The story above was not meant to put you off your wheel, but to let you know what sorts of things you will see when you page through this book – common objects like the ones handled every day by colonial forbears: Jugs, jars, mugs, pitchers, plates, crocks, tea and coffee wares, chamber pots, and a few figurines and ornaments. Some are remarkable, like this carved cup made in Nottingham, England, about 1700.


Carved mug Nottingham, England
about 1700,
matches fragments found
on the Drummond
plantation in Virginia

This is a double-walled vessel. The outside wall is carved and pierced, while an inside wall holds hot liquids. (The double-walled construction is possibly based on Chinese porcelain examples decorated by the so-called “Ling Lung” method.)

The authors also examine the elaborately decorated German wares, like the brown bearded-man jugs and blue-and-grey Westerwald medallion wares.


Bearded-man jug
made in Frechen, Germany
1610
excavated in Pemaquid, Maine


Ziegler family tankard
made in Westerwald, Germany 1700-1730
the Zieglers were members of the
Protestant
Salzburger settlement
established in the 1730s
in Ebenezer, Georgia


The German potters used small press molds to create the pads of decoration that were typically applied to the leather-hard jugs, bottles and mugs.

For those of you who try to follow Bernard Leach’s admonition to look for inspiration at historical wares made in your region there is also a chapter on American-made stoneware, especially from Yorktown VA, Philadelphia, New York City, Connecticut and Boston.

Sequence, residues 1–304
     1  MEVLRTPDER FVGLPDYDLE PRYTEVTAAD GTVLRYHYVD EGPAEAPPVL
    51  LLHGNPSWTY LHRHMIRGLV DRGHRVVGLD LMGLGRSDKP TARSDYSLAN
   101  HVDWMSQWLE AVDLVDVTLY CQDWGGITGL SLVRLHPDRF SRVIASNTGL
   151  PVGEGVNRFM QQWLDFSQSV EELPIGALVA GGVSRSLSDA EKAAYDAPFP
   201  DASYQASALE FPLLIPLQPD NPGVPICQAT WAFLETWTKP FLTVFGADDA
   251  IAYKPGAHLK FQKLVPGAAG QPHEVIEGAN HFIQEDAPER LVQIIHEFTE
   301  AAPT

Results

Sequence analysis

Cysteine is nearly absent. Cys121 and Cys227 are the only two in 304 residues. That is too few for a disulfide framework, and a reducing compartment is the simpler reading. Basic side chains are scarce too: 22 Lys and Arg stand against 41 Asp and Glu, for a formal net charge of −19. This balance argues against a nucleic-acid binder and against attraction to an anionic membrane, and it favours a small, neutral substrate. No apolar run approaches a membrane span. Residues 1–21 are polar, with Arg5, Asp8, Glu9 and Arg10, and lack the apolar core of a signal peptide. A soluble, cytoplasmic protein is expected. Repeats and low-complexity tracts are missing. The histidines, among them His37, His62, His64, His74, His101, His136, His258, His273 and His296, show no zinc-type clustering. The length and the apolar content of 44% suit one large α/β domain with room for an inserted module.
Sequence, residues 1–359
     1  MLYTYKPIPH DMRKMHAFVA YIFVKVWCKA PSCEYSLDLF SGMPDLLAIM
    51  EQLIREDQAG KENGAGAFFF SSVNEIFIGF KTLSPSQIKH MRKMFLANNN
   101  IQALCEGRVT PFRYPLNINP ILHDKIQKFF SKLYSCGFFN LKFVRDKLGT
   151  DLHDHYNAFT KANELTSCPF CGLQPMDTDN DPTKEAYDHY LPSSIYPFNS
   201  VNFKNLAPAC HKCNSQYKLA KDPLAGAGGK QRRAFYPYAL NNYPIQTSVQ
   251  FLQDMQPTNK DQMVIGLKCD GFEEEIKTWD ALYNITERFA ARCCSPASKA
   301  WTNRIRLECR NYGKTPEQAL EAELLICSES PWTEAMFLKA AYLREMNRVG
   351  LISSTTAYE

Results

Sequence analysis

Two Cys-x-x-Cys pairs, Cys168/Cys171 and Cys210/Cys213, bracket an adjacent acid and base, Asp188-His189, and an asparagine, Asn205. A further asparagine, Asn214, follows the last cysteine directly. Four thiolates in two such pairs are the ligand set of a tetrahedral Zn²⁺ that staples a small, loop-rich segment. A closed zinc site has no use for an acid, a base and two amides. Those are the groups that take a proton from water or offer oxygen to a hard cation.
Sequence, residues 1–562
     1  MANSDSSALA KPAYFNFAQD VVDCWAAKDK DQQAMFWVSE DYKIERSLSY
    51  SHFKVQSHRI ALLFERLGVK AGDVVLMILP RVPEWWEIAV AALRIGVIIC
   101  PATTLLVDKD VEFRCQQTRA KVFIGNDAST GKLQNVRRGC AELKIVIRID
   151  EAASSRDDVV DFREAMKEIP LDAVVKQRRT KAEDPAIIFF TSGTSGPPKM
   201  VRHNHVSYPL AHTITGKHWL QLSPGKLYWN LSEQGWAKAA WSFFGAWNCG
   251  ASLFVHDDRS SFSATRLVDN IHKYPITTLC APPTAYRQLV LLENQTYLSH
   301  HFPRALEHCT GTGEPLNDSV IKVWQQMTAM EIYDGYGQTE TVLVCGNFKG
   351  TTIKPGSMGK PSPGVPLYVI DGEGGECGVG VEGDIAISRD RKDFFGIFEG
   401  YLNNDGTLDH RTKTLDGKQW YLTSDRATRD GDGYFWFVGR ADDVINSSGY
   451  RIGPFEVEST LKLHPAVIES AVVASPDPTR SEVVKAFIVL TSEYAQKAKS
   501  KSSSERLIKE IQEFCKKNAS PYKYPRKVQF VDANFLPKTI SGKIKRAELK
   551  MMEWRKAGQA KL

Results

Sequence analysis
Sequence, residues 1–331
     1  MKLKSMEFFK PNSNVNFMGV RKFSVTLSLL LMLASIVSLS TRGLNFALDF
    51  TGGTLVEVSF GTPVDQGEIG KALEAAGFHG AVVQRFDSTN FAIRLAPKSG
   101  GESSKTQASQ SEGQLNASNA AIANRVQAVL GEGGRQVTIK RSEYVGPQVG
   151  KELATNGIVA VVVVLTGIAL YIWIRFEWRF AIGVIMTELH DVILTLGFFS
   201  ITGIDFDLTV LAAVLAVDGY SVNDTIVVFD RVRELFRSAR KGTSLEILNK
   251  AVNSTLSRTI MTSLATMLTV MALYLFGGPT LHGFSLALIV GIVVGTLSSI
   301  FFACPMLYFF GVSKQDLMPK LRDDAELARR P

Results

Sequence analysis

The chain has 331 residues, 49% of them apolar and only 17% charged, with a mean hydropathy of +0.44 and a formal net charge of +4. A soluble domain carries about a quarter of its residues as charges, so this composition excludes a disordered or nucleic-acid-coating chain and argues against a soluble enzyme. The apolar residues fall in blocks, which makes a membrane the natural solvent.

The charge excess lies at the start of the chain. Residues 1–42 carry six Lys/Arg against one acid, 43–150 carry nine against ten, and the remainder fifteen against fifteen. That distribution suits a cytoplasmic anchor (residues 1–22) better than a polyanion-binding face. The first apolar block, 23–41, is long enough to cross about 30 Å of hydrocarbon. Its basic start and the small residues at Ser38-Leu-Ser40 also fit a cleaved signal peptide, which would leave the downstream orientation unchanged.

Chamber pot
Anthony Duché,
Philadelphia, 1730-1750

In addition, an appendix lists the names, dates, and locations of all the known American stoneware potters of the eighteenth century. Only Delaware among the thirteen original colonies did not boast a stoneware pottery, so if you are resident of the states touching the Atlantic you have stoneware history to mine that goes back to the 1700s.

Although this book was written for cultural historians and stoneware collectors, there is much here to be admired and learned by contemporary potters with an interest in the products of historical kilns. In addition, an exhibition in the DeWitt Wallace Decorative Arts Museum at Colonial Williamsburg (“Pottery with a Past: Stoneware in Early America”) will be on view through January 2, 2011, which gives every reader of this book the opportunity to see first hand many of the wares illustrated in the volume.


Ellen Denker is a consulting curator and independent scholar of material culture, specializing in American ceramic history. She has many publications, some of which have won awards from obscure organizations. For “Sawdust & Dirt,” Ellen contributes historical insights into contemporary issues in studio ceramics and review books and exhibitions that feature ceramics. Ellen can also be reached at ellen@sawdustanddirt.com